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Advocates urge
Rhode Island lawmakers to allow same-sex marriage

Advocates urge
Rhode Island lawmakers to allow same-sex marriage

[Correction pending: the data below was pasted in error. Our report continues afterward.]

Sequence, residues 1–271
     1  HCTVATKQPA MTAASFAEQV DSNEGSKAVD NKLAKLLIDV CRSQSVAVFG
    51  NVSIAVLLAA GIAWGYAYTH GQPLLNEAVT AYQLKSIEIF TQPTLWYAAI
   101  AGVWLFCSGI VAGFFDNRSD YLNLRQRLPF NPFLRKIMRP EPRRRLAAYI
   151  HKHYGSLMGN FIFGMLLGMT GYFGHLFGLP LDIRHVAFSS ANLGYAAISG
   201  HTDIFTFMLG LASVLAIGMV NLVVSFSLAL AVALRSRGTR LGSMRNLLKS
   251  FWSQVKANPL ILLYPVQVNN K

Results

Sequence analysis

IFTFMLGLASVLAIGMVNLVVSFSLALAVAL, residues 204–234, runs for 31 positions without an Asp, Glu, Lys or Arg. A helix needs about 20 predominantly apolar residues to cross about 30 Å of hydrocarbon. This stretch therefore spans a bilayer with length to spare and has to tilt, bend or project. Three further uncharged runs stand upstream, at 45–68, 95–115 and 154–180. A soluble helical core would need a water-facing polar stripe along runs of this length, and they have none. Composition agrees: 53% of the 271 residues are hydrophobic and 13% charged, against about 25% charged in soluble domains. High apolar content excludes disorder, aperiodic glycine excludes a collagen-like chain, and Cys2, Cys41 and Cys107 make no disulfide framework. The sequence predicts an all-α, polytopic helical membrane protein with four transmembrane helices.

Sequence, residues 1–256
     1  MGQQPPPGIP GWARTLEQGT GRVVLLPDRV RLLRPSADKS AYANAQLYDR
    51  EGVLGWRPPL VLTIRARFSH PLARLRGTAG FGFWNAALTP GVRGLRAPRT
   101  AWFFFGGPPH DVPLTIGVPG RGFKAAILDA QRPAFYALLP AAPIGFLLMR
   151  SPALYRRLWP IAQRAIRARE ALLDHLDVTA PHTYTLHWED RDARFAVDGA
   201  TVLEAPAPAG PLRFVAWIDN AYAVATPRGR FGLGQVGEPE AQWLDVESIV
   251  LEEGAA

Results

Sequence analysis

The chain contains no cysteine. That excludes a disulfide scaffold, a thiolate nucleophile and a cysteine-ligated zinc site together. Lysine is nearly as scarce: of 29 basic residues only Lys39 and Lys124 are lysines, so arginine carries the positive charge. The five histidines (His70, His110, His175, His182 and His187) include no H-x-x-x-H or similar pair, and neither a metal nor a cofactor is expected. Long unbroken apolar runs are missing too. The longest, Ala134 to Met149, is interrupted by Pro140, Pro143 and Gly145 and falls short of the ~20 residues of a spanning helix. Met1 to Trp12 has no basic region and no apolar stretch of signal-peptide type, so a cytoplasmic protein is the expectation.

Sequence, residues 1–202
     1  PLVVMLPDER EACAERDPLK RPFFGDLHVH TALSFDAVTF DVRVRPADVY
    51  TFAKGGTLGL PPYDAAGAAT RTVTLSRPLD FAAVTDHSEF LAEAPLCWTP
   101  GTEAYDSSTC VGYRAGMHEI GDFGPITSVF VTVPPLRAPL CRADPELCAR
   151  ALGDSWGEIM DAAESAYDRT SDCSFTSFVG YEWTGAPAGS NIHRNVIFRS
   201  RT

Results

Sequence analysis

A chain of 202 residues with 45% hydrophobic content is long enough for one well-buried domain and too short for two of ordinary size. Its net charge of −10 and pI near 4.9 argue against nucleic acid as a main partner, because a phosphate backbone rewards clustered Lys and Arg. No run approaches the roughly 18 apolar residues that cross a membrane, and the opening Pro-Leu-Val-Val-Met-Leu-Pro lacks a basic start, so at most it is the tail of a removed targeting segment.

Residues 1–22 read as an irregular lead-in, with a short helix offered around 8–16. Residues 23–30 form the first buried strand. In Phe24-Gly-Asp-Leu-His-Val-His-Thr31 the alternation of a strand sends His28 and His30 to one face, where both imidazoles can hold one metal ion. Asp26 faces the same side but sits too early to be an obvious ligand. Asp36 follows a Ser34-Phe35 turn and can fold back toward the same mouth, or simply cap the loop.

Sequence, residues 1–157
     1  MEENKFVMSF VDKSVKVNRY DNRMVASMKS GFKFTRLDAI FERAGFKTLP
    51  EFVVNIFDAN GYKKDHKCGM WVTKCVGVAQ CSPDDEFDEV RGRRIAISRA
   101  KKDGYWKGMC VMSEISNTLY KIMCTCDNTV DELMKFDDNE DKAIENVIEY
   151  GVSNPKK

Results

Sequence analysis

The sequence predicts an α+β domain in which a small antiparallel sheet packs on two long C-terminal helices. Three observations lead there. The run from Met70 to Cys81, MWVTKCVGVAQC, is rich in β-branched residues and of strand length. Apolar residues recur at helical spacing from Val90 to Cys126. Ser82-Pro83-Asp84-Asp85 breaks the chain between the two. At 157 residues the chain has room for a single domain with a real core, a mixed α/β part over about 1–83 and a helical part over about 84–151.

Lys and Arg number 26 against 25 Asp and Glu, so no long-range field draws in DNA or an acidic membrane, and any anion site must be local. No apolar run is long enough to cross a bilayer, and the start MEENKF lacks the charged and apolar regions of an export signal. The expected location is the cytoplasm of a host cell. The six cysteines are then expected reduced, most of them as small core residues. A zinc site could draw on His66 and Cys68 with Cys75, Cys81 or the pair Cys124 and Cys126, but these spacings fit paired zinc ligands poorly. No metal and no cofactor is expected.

Ed Bonetti of Warwick, R.I., describes himself as a traditional Italian Catholic who wants what any dad would want for his 20-year-old son: to see him get married and have children. But because his son is gay, he's not sure that will ever happen. "My son has so many wonderful qualities. But we can't even look to those points right now because he does not have the same rights and he's not being treated fairly," said Bonetti, 46. He and dozens of others gathered at the statehouse in Providence on Wednesday to testify before lawmakers who are considering a bill that would legalize same-sex marriage in Rhode Island. The hearing came a week after the highest court in Massachusetts, the only state to legalize same-sex marriage, ruled that gay couples from states where same-sex marriage is banned cannot marry in Massachusetts. But the Massachusetts court also said it was unclear whether Rhode Island prohibits same-sex marriage and sent the cases involving Rhode Island gay couples back to a lower court. A marriage equality bill has been introduced in the general assembly nearly every year for a decade. Current state law does not explicitly ban or permit same-sex marriage. Bridget Baird, 38, of East Providence, told lawmakers that if she had been able to marry her partner, Tina Duarte, 37, the medical costs associated with having their son, Theo, would have been covered by health insurance because state law requires insurers to provide infertility treatment for married couples. Once Theo was born, Baird said she and her partner were investigated by child welfare workers before she could adopt him as his second parent. "They asked us about Tina's parenting skills, how her parents parented her, even though Theo was her genetic child," Baird said. "Frankly, it was humiliating." Religious leaders spoke on both sides of the issue. The Reverend Dennis Kessinger, of Amazing Grace Church in West Warwick, spoke on behalf of the New England Leadership Coalition, a group of 40 clergy members from multiple denominations. "Children are my main concern," he said, explaining that he believes children need a father and a mother and he has read that children raised by gay couples are more likely to be abused. The Reverend Jan Grinnell, a lesbian and deacon at St. Michael's Episcopal Church in Bristol, spoke on behalf of a group of clergy supporting same-sex marriage. "The divine known by many names does not ever side with hate or discrimination," she said. Both the house and senate are considering bills to legalize same-sex marriage. The senate also has a bill that defines marriage as the union of a man and woman. The bills have had hearings in previous years but never come to a committee vote. Democratic representative Arthur Handy, the lead sponsor on the bill to legalize same-sex marriage, said he will push for a vote this year. "That's what we need right now to move forward," said Jenn Steinfeld, cochair of Marriage Equality Rhode Island. But the chairmen of the house and senate judiciary committees would not promise a vote. Senate judiciary chairman Michael McCaffrey said he opposes same-sex marriage. He plans a hearing on the senate's bills after the general assembly recesses later this month. The bill to legalize same-sex marriage has been gaining momentum in house, where its sponsors include judiciary chairman Donald Lally. He said he's reluctant to put the bill to committee and floor votes this year and then have it defeated in the senate or vetoed by Gov. Donald Carcieri. But he said he thinks the bill eventually will pass. "What I've found in the house is, each year people are becoming more tolerant," Lally said. "If you'd talked to me five years ago, civil unions wouldn't have been discussed, and now I've had Republicans come to me and say they wish that was available." (AP)

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